What to Know About Quaker Parakeets

Reviewed by Amy Flowers, DVM on December 10, 2022

Quaker parakeets are popular for their charming and funny personality. They can mimic human speech, making them fascinating pets. They’re an excellent choice for families looking to have a smaller bird. Keep in mind, it’s illegal to have a parakeet as a pet in some states in the U.S. This article explains how you can care for your pet parakeet and some of its common traits.

Quaker parakeets (Myiopsitta monachus), also called monk parakeets, are small parrots native to the South American countries of Paraguay, Bolivia, Brazil, and Argentina. Birds that have escaped captivity have built breeding colonies in many U.S. states, including Illinois, Alabama, Connecticut, Delaware, Texas, and New York.

They’ve become popular pets due to their funny nature, which helps them easily mix with human populations. However, it’s illegal to keep the quaker parakeet as a pet in the following U.S. states:

  • California
  • Colorado
  • Connecticut
  • Georgia
  • Hawaii
  • Idaho
  • Kansas
  • Kentucky
  • Maine
  • New Jersey
  • Pennsylvania
  • Tennessee
  • Wisconsin
  • Wyoming

Other U.S. states — Nebraska, New York, Rhode Island, Ohio, Vermont, and Virginia — allow domesticating the bird with certain restrictions, such as getting bird permits or clipping the bird’s wings.

The average quaker parakeet lifespan in the wild is six years, but they’re known to live for as long as 15 years in captivity. Quaker parakeets are small and average around 11 inches (28 centimeters) to 13 inches (33 centimeters) from their head to the end of their long tail. Quaker parakeet colors are mostly green or gray, with bluish-gray foreheads. Their cheeks, neck, and area between the nose and forehead are pale gray, and the feathers on their abdomen are a shade lighter.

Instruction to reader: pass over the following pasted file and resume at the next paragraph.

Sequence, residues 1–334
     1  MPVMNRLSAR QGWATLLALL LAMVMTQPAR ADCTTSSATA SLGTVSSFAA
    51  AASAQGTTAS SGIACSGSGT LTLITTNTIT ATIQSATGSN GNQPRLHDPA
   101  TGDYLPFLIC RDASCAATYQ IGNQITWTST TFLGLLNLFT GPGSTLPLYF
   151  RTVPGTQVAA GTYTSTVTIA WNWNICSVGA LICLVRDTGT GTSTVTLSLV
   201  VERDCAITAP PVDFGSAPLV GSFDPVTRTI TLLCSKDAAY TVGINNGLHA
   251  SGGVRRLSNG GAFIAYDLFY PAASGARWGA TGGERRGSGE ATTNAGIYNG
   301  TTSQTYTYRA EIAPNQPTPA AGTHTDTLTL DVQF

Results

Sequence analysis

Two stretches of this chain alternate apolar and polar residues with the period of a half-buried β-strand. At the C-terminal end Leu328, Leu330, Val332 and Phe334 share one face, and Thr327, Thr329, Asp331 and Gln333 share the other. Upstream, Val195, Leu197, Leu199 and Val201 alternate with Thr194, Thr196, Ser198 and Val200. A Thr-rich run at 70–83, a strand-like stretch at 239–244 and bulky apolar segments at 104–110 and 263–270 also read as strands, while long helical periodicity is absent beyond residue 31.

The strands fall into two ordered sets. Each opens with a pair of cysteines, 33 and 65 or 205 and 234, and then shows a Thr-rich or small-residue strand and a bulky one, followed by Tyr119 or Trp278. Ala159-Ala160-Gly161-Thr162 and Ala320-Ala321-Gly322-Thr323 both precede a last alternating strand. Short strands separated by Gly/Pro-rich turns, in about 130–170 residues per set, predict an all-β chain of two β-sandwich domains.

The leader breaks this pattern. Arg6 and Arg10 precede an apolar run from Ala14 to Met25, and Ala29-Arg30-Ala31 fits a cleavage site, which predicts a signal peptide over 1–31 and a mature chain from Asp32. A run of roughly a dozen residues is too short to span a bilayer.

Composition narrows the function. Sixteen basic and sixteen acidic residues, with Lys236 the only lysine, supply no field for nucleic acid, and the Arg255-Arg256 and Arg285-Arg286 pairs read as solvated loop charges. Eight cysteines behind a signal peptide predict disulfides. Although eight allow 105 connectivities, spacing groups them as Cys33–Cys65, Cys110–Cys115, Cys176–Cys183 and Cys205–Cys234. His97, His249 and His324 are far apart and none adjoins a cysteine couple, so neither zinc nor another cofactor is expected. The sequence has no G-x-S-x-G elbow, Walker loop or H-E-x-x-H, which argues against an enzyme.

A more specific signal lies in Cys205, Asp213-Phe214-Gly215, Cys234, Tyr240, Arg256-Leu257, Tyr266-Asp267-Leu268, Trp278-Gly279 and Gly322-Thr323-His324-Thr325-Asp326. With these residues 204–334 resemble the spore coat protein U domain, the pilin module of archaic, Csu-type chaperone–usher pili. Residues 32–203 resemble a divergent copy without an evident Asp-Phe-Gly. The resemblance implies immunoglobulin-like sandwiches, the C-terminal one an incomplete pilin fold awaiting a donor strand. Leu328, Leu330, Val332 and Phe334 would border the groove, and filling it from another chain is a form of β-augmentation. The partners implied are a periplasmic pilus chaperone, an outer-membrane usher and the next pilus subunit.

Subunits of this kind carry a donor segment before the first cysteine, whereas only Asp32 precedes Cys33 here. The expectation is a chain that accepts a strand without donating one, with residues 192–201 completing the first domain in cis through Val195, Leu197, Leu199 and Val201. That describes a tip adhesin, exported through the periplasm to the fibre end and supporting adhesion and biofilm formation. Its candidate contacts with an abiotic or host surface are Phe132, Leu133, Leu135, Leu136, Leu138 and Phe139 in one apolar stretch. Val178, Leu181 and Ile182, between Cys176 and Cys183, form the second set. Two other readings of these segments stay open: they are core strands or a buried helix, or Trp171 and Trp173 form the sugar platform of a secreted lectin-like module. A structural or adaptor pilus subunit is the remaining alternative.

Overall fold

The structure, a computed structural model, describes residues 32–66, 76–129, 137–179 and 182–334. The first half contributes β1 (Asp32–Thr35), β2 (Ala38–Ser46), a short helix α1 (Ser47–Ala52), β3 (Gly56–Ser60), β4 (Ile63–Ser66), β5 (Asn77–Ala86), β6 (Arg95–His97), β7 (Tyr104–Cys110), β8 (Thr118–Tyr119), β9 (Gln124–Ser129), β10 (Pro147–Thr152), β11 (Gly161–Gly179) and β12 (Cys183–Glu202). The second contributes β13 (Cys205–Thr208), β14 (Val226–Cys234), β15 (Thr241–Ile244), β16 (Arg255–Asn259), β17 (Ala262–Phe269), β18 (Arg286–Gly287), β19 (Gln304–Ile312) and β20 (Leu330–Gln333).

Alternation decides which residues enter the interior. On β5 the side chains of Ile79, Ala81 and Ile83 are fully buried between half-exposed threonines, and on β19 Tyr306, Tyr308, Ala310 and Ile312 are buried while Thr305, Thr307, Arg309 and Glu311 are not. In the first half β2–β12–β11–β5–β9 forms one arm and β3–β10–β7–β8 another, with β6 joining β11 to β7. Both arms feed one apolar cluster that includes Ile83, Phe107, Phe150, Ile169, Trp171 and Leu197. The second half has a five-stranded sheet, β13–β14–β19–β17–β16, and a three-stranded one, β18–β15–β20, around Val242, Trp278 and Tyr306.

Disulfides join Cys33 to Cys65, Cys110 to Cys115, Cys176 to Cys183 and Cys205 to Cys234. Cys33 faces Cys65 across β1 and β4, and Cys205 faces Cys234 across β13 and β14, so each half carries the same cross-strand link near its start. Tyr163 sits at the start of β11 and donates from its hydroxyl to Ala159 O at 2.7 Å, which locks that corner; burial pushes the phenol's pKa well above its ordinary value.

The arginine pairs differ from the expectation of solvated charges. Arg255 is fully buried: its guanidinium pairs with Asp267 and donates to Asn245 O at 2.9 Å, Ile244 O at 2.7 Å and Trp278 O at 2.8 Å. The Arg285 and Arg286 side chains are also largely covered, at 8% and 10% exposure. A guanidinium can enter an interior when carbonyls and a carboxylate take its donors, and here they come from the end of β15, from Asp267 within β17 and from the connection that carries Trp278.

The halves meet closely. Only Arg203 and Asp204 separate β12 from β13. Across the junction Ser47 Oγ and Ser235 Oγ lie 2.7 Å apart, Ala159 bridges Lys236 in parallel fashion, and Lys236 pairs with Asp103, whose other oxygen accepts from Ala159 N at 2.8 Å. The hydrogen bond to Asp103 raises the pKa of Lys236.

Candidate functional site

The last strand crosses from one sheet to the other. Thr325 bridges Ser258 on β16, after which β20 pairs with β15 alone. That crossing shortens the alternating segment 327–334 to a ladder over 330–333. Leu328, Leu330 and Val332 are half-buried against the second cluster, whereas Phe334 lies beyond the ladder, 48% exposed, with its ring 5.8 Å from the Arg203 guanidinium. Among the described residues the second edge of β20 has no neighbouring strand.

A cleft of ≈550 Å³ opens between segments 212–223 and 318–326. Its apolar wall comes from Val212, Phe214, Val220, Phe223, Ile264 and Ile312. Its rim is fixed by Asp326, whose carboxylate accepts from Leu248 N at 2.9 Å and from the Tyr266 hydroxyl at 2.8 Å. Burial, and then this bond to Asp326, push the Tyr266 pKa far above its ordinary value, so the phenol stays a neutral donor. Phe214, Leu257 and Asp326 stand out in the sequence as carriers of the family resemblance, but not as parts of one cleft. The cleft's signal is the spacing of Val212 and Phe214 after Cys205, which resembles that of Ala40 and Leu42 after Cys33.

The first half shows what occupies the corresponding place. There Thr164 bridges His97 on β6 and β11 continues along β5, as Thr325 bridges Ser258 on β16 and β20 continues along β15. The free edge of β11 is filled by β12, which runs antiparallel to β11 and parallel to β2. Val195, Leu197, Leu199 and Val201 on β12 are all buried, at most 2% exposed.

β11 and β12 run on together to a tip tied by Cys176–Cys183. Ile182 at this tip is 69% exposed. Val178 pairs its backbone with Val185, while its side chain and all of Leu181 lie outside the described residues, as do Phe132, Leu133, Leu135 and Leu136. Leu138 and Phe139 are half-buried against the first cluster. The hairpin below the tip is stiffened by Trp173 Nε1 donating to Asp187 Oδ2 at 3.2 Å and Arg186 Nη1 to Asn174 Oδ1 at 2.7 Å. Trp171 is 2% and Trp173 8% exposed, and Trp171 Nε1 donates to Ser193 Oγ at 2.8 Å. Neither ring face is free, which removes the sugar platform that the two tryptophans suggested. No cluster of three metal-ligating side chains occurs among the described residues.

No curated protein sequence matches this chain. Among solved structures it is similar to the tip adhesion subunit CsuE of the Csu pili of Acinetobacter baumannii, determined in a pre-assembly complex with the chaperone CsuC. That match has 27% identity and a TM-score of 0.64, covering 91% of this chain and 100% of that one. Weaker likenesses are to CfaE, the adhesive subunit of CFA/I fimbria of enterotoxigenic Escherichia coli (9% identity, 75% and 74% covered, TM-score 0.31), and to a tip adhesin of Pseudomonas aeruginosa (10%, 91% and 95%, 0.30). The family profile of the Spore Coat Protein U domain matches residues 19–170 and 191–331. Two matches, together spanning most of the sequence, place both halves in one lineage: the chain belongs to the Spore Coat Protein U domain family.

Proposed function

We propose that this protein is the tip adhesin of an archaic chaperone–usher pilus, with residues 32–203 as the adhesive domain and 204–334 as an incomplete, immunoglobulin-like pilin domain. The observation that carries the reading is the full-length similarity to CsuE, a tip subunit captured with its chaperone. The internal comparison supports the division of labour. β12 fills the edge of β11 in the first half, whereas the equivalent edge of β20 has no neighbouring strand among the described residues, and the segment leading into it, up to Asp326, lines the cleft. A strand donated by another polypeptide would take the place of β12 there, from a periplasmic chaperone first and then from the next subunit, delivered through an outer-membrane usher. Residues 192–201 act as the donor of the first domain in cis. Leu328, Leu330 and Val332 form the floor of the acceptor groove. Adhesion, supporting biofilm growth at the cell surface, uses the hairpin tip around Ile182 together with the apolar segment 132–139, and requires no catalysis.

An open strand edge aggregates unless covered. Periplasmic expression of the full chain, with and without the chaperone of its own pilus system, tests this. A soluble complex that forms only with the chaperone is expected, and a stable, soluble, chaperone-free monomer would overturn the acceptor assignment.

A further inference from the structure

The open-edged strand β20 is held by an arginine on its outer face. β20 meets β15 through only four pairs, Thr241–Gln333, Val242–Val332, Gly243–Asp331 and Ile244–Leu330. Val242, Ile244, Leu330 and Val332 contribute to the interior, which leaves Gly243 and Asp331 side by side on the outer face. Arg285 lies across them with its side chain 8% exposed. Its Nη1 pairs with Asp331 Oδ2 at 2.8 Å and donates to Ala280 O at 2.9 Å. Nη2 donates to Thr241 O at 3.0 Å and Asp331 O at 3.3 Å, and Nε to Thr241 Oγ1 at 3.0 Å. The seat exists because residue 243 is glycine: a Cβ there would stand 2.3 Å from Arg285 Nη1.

The feathers in the lower abdomen, legs, and under the tail are usually green, and their beaks are pinkish-brown. Their wingspan is roughly 19 inches (48 centimeters). Males weigh around 100 grams, while females typically weigh 20% less. Their eyes are usually brown, but some quaker parakeets have blue or even yellow eyes.

A unique feature of quaker parakeets is that they’re the only parrots known to build nests. They spend a lot of time and energy building elaborate nests — which in many cases contain two separate rooms or chambers — using twigs and branches. Quaker parakeets, being highly social birds, build colonies of such nests next to each other in their natural habitats, commonly called apartment-house nests.

These community nests are bulky and very comfortable. A nest structure could contain as many as 20 nests and, in some cases, more than 200. Quakers are migratory birds and journey during winter to find better food sources.

Quaker parakeets are not sexually dimorphic. This means you can’t determine the gender by physically examining them. You’ll need blood or DNA samples to know their gender. The mating season is usually between August and November. In the wild, quaker parakeets live in pairs, and their nests contain separate chambers, each with a different purpose.

They use a chamber for incubation and another to feed their young ones. Female quaker parakeets generally lay four to seven eggs in a clutch and incubate them for around 20 days.